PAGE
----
By: Maximilian Stolte
ATLANTA, GA—Early this morning at her laboratory downtown, cancer researcher Maria Martinez was working tirelessly towards finding a cure for a disease which claims the lives of roughly 8 million people a year. While many others in her field gave up hope on finding a cure, Martinez made a groundbreaking discovery that changed the hearts and minds of everyone in her field. If she couldn’t find a cure for the disease, she very well could find a way to give it to everyone who didn’t have it.
As any cancer patient can tell you, the treatment of the disease is expensive and takes a toll on their mental and physical health. What’s more difficult than the treatments is the feeling that it’s only happening to you. It can be a lonely and depressing experience as family members are saddened by your declining state of health.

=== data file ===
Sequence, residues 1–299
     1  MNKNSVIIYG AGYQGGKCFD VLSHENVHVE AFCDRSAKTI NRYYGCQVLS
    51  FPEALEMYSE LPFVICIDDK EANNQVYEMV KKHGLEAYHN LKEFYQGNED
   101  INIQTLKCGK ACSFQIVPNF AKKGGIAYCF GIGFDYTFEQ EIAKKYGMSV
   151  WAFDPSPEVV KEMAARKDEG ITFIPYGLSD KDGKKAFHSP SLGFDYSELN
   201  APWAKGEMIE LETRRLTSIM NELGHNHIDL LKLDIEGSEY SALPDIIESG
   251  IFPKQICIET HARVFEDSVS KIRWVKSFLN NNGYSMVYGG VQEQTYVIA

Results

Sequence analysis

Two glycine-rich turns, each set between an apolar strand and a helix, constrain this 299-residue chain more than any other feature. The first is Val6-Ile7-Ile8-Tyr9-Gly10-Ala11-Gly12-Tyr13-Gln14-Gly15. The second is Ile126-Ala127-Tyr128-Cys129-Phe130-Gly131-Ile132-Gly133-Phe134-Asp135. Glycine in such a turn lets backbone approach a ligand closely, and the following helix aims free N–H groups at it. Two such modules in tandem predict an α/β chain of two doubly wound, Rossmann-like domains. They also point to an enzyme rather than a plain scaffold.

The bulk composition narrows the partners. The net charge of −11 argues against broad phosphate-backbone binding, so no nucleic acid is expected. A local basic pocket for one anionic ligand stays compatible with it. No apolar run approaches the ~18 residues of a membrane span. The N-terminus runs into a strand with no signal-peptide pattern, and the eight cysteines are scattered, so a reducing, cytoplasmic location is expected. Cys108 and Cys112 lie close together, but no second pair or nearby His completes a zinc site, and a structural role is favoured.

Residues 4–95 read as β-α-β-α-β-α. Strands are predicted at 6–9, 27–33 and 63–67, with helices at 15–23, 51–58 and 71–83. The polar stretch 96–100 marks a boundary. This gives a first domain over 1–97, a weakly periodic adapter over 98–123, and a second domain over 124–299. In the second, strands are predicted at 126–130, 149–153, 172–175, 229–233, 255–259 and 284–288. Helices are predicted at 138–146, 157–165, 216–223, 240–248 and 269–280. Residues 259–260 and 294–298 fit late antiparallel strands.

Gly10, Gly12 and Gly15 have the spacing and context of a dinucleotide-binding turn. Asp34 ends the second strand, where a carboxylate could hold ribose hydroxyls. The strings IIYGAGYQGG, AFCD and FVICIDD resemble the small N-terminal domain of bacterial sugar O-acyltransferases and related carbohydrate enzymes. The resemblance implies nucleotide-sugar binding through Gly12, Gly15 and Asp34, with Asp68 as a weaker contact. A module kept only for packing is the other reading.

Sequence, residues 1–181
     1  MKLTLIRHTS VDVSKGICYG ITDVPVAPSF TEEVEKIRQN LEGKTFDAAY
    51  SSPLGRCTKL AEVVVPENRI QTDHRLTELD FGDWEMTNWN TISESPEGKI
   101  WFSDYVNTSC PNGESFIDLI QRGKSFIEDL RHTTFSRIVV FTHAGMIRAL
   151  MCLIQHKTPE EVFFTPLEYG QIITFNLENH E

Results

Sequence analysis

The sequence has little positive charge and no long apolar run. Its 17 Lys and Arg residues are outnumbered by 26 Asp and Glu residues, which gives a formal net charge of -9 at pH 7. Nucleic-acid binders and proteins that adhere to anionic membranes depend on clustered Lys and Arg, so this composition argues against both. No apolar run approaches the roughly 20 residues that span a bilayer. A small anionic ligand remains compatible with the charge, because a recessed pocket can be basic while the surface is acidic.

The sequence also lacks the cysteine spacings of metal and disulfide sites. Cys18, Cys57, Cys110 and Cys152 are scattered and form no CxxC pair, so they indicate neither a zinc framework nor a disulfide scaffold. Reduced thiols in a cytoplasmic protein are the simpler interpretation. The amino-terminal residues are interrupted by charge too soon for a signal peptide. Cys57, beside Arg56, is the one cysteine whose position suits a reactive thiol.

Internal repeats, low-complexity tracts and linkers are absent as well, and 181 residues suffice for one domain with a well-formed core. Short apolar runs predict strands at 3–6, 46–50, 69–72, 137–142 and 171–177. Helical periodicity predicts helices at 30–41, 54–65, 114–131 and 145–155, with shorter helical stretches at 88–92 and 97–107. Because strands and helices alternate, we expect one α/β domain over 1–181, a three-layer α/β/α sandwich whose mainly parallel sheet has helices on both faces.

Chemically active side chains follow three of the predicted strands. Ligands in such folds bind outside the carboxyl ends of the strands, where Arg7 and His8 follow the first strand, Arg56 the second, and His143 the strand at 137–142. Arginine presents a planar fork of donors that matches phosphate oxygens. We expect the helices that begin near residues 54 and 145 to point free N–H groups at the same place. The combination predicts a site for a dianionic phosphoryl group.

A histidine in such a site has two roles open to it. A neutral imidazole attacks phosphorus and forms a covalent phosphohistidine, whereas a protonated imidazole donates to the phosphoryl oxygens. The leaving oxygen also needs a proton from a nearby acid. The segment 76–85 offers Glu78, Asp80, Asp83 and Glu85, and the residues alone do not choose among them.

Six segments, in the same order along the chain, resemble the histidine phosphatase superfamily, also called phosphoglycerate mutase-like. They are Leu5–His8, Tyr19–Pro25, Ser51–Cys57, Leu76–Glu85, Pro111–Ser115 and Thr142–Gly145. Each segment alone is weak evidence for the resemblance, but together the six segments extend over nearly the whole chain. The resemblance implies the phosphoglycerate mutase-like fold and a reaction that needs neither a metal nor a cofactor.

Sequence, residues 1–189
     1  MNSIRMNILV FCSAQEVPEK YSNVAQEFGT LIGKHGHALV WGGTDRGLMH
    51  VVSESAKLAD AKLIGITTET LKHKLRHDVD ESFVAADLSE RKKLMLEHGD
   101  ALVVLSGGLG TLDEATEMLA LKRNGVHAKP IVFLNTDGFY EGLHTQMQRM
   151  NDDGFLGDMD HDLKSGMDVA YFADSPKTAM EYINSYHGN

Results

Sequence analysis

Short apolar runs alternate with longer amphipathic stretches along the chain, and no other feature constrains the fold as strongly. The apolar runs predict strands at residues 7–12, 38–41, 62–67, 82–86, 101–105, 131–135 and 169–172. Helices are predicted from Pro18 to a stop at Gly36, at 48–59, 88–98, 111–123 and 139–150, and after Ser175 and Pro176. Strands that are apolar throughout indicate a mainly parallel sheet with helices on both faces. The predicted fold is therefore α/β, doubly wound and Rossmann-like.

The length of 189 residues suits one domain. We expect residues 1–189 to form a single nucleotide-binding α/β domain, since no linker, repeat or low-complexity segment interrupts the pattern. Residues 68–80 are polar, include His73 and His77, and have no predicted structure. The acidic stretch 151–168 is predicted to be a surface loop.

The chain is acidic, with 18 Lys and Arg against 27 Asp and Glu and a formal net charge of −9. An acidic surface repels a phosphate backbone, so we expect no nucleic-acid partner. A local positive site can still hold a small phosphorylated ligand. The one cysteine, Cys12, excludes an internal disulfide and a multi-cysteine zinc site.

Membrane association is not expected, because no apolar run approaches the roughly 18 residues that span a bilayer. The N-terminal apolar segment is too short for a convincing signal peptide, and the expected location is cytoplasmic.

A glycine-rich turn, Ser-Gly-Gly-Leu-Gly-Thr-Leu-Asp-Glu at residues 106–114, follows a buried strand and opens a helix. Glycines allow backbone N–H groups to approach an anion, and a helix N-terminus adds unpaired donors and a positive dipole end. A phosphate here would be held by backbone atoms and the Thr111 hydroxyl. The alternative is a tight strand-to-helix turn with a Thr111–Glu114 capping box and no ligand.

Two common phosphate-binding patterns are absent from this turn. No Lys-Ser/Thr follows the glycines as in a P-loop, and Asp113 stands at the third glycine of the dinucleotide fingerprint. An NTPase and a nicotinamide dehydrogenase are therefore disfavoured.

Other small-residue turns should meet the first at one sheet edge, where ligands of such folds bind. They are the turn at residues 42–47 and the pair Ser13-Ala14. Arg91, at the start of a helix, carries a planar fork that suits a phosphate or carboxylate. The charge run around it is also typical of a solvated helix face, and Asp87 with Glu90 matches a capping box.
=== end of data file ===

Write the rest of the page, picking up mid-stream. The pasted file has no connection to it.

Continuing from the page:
“I felt like I had one foot in the grave and everybody just didn’t act the same around me. It was like I was in a fishbowl and everyone was just watching me, waiting for the inevitable to happen. When I found out that everyone would have cancer now, it really cheered me up and made me feel not so alone,” Patrick Munday told reporters from his hospital bed. “Now that everyone is going to have cancer, I feel like society will be more understanding and compassionate.”